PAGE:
To give in is to sell out. To sell out is to compromise the faith. If you compromise the faith, you lose the faith. If you lose the faith, you lose everything.

romishgraffiti said...

I thought his "This isn't about contraception" approach to the HHS mandate was a silly gesture. It came off more like:

"We Catholics have this weird idea that contraception is bad. We have no reason for this belief. Don’t look at us, man; it’s the old man in Rome. He made up this rule and the rest of us are stuck with it. It’s like the Jews and pork–-a ‘religion’ thing. However, even though poor, poor women (Who cares about men, after all?) are going to, like die, or whatever it is that happens to chicks who don’t get their contraceptive pills, we are selfishly sticking with our arbitrary dislike, and we think we’ve found something in the constitution that forces you to let us."

Rather, he should have said, "Contraception is evil. It desecrates the marital bond, offends against chastity, and is a menace to public morals. It is reprehensible to engage in contraceptive acts or to cooperate in them in any way. The State has no common good interest in facilitating it to say nothing of forcing others to pay for it."

johnf said...

Father

When did we last have an Archbishop of Westminster who was a warrior rather than a diplomat?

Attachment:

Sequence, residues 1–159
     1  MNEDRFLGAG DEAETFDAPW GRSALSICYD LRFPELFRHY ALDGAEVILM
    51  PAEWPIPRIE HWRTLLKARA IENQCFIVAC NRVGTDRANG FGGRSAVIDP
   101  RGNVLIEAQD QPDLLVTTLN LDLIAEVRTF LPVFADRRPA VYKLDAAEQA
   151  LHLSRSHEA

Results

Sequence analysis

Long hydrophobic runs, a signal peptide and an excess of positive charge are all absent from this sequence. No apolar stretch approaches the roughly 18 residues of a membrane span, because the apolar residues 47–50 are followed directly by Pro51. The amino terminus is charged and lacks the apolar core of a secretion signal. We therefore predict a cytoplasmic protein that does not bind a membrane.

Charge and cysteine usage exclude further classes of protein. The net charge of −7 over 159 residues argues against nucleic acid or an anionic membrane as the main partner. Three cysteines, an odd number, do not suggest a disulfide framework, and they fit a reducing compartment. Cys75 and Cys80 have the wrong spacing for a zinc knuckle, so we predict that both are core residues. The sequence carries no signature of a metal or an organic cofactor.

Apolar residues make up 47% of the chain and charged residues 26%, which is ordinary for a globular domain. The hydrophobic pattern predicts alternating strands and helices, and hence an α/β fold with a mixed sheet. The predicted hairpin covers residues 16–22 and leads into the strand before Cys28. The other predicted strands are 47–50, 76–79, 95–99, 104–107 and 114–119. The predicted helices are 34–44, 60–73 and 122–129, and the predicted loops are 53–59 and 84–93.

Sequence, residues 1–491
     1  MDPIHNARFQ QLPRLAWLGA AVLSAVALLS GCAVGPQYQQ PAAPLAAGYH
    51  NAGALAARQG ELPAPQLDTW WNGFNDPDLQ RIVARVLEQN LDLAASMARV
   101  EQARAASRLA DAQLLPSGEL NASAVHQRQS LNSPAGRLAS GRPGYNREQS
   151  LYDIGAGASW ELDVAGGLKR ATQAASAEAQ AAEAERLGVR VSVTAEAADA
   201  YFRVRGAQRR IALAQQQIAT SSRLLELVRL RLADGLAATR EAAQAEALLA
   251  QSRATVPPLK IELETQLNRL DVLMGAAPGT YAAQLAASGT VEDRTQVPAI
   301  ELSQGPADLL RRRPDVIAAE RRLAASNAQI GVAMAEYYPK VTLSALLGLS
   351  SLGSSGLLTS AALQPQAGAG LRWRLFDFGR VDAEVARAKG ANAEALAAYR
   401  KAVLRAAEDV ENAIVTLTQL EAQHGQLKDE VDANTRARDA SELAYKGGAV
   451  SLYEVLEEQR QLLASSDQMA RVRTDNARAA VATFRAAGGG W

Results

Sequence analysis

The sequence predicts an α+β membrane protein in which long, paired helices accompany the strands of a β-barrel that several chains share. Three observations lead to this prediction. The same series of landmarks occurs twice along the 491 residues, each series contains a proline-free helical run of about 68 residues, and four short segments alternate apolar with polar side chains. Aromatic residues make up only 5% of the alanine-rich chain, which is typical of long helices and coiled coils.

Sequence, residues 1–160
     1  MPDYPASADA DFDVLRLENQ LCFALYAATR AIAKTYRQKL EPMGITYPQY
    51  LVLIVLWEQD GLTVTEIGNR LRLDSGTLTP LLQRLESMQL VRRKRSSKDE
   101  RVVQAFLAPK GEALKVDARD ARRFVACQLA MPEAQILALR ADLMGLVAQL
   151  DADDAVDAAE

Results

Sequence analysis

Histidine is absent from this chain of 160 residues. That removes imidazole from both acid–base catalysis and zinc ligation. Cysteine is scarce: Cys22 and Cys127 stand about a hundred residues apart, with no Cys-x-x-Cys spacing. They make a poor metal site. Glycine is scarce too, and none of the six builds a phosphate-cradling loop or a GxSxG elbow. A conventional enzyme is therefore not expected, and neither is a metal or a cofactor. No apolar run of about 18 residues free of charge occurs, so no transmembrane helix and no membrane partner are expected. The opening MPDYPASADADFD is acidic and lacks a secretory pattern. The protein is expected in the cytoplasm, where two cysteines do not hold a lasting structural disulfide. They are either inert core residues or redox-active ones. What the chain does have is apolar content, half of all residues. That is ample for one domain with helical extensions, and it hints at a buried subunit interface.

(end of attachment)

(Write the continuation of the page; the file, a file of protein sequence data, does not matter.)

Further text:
I suggested Cardinal Heenan to my wife, but she pointed out that it was on his watch that the Abortion bill went through. He had been advised not to make it a Catholic issue, and later regretted his inaction.

Still, I have always had a soft spot for him, particularly with his defence of what we now must call the EF Mass

CE User said...

RomishGraffiti:

It is a paraphrase, certainly, but there is a much closer quote than the one you cite. From 1969, published in 2009 by Ignatius Press, including these snippets:


"The church will become small and will have to start afresh more or less from the beginning."

Toward the end:
"She may well no longer be the dominant social power to the extent that she was until recently; but she will enjoy a fresh blossoming and be seen as man’s home, where he will find life and hope beyond death."

Sounds to me like the paraphrase does have a grain of salt behind it...


romishgraffiti said...

CE User,

Thanks for the quotes. My beef is that the "smaller-but-purer-church" is used by certain quarters to say that B16 is a big meanie that wants to start a massive and unjust witch-hunt for dissidents and expunge them. I don't think any of his quotes support that.

Sadie Vacantist said...

If the "ghetto" Church had continued, Catholics would today constitute a voting block equal if not superior to that of the nation of Scotland. Nobody could win an election without us.